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Oracle Earnings: Story Still All About Legacy and Cloud

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March 16, 2018
Oracle Earnings: Story Still All About Legacy and Cloud
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As a tech mega-cap worth about $216 billion that operates extensively throughout the world across a wide range of end markets, Oracle (ORCL) is a company that is widely followed by many analysts and investors.

Its next quarterly report is around the corner and Oracle (ORCL) is scheduled to report third-quarter fiscal 2018 earnings after the closing bell on Monday, Mar. 19.

Here’s a quick recap of what ORCL reported for Q2 fiscal 2018:

  • Adjusted earnings per share (EPS) of $0.70, up from $0.61 in the prior-year quarter
  • Total revenues increased 6% year-over-year (YoY) to $9.6 billion
  • Overall cloud revenue was up 44% YoY, to $1.5 billion
  • Total on-premise software was up 3% YoY, to $6.3 billion
  • Hardware revenues declined 7% YOY to $940 million and service revenue was up slightly and came in at $856 million.

For Q3 fiscal 2018, ORCL is expected to report adjusted EPS of $0.72, up from $0.69 compared to last year, on revenue of $9.8 billion, according to third-party consensus estimates. Before the tax reform bill had been passed and the final details released, management indicated there could be a sizable impact on the company’s tax charges in fiscal Q3.

Like many of the larger legacy tech companies, ORCL has been in the midst of a multi-year transition to build up its cloud offerings. In recent quarters, management has largely attributed positive results to strength in their cloud division; specifically its software as a service (SaaS) offerings, which have been outpacing growth in its other cloud businesses, platform as a service (PaaS) and infrastructure as a service (IaaS).

Beyond its cloud business, another topic that might come up on the earnings call is recent tax reform. Co-CEO Mark Hurd had been pretty vocal about supporting reforms that would allow the company to repatriate its overseas earnings at a lower tax rate. On last quarter’s earnings call, Co-CEO Safra Catz said that would make about $60 billion available to the company, but they hadn’t made any decisions about how they would use it.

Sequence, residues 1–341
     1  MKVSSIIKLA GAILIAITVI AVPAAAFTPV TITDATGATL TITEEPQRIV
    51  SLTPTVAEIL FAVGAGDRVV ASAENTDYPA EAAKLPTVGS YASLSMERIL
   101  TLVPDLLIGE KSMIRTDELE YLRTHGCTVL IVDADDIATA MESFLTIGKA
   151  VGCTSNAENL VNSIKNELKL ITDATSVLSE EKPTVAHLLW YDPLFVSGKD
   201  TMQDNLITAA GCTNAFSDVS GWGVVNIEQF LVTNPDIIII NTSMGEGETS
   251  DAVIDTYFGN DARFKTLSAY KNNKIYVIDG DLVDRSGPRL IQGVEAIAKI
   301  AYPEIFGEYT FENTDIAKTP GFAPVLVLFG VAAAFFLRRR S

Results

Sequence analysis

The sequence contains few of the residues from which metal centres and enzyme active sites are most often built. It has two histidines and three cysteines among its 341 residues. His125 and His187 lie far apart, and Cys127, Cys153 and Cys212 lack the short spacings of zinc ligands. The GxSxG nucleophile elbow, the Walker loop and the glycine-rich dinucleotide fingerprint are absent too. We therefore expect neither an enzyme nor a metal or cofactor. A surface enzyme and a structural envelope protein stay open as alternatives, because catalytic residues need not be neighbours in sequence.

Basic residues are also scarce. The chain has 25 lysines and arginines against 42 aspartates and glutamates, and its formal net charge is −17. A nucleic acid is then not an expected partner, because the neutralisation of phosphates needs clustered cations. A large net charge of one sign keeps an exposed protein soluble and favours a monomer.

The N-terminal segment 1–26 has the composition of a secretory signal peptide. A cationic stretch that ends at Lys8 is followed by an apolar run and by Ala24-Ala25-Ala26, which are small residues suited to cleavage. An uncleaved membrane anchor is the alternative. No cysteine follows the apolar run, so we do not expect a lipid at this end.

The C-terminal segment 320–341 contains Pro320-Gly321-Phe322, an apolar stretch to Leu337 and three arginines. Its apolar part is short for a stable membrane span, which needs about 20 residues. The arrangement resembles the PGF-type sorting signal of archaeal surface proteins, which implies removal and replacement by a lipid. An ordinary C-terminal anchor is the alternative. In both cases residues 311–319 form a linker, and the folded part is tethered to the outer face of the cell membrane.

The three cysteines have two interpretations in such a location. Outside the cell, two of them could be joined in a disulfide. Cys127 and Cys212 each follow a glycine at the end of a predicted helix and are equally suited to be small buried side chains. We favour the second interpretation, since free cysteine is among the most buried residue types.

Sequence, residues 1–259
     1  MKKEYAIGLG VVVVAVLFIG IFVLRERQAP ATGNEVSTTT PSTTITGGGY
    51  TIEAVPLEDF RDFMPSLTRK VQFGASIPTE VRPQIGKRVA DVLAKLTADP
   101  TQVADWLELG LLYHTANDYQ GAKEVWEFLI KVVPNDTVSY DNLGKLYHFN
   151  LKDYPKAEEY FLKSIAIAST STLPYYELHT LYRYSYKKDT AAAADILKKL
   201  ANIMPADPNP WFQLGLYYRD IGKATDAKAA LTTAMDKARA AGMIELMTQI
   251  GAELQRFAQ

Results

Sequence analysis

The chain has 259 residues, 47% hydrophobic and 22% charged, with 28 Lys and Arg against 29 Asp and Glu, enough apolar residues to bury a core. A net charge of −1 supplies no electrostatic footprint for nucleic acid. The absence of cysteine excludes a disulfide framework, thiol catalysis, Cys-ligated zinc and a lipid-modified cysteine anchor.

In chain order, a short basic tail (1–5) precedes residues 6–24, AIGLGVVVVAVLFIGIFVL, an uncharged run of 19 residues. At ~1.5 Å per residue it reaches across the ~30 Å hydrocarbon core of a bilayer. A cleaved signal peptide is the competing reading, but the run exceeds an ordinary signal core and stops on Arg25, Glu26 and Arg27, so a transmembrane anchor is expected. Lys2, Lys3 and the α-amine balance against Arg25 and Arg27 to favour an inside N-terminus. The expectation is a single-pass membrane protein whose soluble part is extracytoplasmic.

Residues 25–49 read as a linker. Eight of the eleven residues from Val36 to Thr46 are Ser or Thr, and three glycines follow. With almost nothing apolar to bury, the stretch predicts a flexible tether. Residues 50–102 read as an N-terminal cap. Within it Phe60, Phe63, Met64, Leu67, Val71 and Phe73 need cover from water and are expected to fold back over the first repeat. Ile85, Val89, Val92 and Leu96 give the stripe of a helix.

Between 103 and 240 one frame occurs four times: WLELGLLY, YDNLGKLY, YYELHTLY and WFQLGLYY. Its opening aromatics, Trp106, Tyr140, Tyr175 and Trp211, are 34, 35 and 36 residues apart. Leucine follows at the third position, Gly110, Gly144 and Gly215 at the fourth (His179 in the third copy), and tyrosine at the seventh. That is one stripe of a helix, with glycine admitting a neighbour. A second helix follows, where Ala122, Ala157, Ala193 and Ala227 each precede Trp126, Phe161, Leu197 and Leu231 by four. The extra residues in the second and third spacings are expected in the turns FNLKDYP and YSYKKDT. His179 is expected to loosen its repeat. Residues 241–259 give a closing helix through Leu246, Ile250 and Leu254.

One way ORCL has been using cash is spending billions on buybacks. Between fiscal 2013 and fiscal 2016, ORCL repurchased $8 billion to $11 billion in shares each year. Share repurchases slowed in fiscal 2017, but the board of directors in December 2017 authorized an additional $12 billion to the company’s repurchase program. 

Oracle (ORCL) Stock Chart

ORACLE OVER PAST YEAR.

After the selloff that hit equities in early February, ORCL dropped down to an intraday low of $45.92 on Feb. 9. Since then, the stock has recovered and recently hit a new 52-week high of $53.48 on Mar. 13. The stock has been close to that level before, but hasn’t been able to break out. Shares have since pulled back slightly and have been trading around the mid-$52 level in Friday’s session. Chart source: thinkorswim® from TD Ameritrade.  Not a recommendation. For illustrative purposes only. Past performance does not guarantee future results. 

Oracle Trading Activity

ORCL has been prone to larger swings when it has reported over the past several quarters. With its last two quarterly reports, the stock gapped down the day after the results were released.  Despite beating on the top and bottom-line when it last reported, management gave lower-than-expected guidance for fiscal Q3.

Around ORCL’s upcoming earnings release, options traders have priced in an expected share move of 4.8%, according to options data on the thinkorswim® platform. Implied volatility was at the 57th percentile, as of this morning.

In short-term trading at the Mar. 22 weekly expiration, calls have been active at the 53 and 54 strike prices, while puts have been active at the 52 strike.

Looking at the Apr. 20 monthly expiration, most of the activity on the call side has been concentrated at the 52.5 and 55 strikes. At Thursday’s close, open interest was 14,277 and 14,161 contracts at those strikes, respectively.

Note: Call options represent the right, but not the obligation, to buy the underlying security at a predetermined price over a set period of time. Put options represent the right, but not the obligation to sell the underlying security at a predetermined price over a set period of time.

Good Trading,
JJ
@TDAJJKinahan

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